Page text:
When I was nine-years-old, I slew a dragon.
His claws tore into the earth as easily as a surgeon slices flesh, his tail shook the pillars of Heaven as it collided with the park grass beneath it. Thick, black smoke, so hot it consumed the very oxygen around me, billowed from his flaring nostrils. Flames licked the back of his teeth, but the real fire was dancing behind his eyes.
That fire would only be quelled by my death.
Giant, powerful wings capable of disrupting weather patterns with a single flap propelled him above the ground and he swooped forward. Darkness surrounded me, but my youthful resolve held firm and I raised my makeshift weapon, held together with Elmer’s glue and duct tape. With a single stroke it split my opponent’s leathery hide and gelatinous, putrid fluid spilled out, mixing with the morning dew. The dragon fell to my right and met the ground with a thunderclap. He twitched for a few minutes and then died.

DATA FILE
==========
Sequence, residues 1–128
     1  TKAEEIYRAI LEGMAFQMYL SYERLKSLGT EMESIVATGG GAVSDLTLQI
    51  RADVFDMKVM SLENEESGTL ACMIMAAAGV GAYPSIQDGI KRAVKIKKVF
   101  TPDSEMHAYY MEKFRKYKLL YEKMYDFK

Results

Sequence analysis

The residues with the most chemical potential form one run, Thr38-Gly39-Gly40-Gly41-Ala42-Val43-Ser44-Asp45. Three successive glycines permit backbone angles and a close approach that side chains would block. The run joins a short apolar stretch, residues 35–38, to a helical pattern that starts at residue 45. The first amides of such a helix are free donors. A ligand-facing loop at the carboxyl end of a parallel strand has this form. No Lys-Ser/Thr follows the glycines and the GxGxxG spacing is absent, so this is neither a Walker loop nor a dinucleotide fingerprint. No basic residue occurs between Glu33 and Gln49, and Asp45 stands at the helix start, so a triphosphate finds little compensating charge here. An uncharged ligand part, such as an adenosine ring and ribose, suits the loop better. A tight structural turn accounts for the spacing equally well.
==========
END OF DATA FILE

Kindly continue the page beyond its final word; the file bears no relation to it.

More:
His form shimmered in the newly-born sun and then it began to sizzle; my eyes stung and I was blinded for a long while. When the steam cleared all that remained were the undigested bones of his victims.
As you can imagine, after that morning the next few years of my life were relatively boring.
But I’m getting ahead of myself; I tend to do that. Most stories would end when the dragon drew its last breath – mine was just beginning...